Q. In a recent column, you recommend (almost) always taking a pension and not a lump sum. I could understand not putting the pension lump sum at risk, but it seems to me that taking a fixed pension over, say, a 25-year retirement has some problems. First, since (at least in my case) there are no cost of living increases, the pension checks will remain fixed and not keep up with inflation. Second, if something should happen to me and my spouse, the pension does not pay into our estate and benefit our heirs.

So I would favor taking the lump sum and investing it in very safe assets, designed to produce income to us similar to what the monthly pension checks would have been.

Am I missing something? ---P.K., by email from Tucson, AZ

A. I know it is tempting to take the cash and assume that you will be able to invest it for a higher return and better annual income. But the brute fact is that it is difficult and expensive for the “retail” investor. It would be particularly difficult in the current low interest rate environment.

You also may not understand the benefit that a high and guaranteed income stream provides for the rest of your portfolio.

So let me give you an example. Suppose you have $100,000 in your 401(k) plan. You also have a pension cash offer of $100,000. That pension offer would buy an immediate joint life annuity for you and your spouse. Assuming a 100 percent survivor benefit to your spouse, the monthly income would be $569 according to www.immediateannuities.com. That’s $6,828 a year, or a cash flow return of 6.8 percent.

You would not find a safe way, today, to get that return. Remember, the yield on a 30 year Treasury is currently running at only 3 percent according to www.bloomberg.com. Meanwhile, that high cash return will allow you to draw very little from the $100,000 in your 401(k) portfolio. If, for instance, you decided to have an overall safe withdrawal rate of 4 percent from your entire portfolio, having half of it in the pension/life annuity would allow you to draw at only 1.2 percent ($1,200 a year) from the 401(k) account.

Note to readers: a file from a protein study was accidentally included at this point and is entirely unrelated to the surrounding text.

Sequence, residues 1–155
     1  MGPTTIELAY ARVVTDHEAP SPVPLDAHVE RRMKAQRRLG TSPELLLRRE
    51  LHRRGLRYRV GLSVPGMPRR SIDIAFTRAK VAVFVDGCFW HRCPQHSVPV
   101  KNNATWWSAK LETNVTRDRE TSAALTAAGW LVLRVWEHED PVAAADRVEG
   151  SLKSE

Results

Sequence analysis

The greatest danger to retirees is that they suffer a series of losses in their first years of retirement. But a 1.2 percent withdrawal rate is lower than the dividend yield of many funds these days so you could go for years before you would need to sell shares at a depressed price. As a consequence, committing to a pension/life annuity works to make it more likely that you won’t run out of money. Several studies have confirmed this idea.

Q. Situation: Retired couple very soon to be 68. Our income comes from two Social Security checks and a monthly check from an investment fund. The investment check is for $700 a month.
And that’s the problem. We have lost $43,000 over the last year. At the beginning of the year the value of our investment account was $116,000.

Question: Do you stay and watch the rest vanish? Or do you pull it out and put it in a CD for 12 to 18 months and get banged by the "FED’s” in taxes. What is wrong with this picture?
----G.C., by email from Texas

A. The first thing wrong with the picture is that your initial withdrawal rate was high. By taking $700 a month from a $116,000 account you were taking over 7 percent a year. In most markets, that’s a dangerous withdrawal rate. When you take that much you multiply the effect of a market decline because you sell your investments into a sinking market. Your original withdrawal level should have been more like 4 percent or $400 a month.

So I suggest that you reduce your withdrawal, now, to a more sustainable level. By the usual rules of thumb that would be 4 percent of your current account value. After this decline, however, research indicates that you can safely withdraw about 5.5 percent from a market with low valuations. (See my recent columns on this subject.) That would be about $300 a month.

Rather than moving everything from the fund into a CD I suggest that you put two years of your new withdrawal rate, or about $7,000, in a money market account. Leave the balance of your investment as is. No one can tell the future, but the decline since October 2007 has been one for the record books.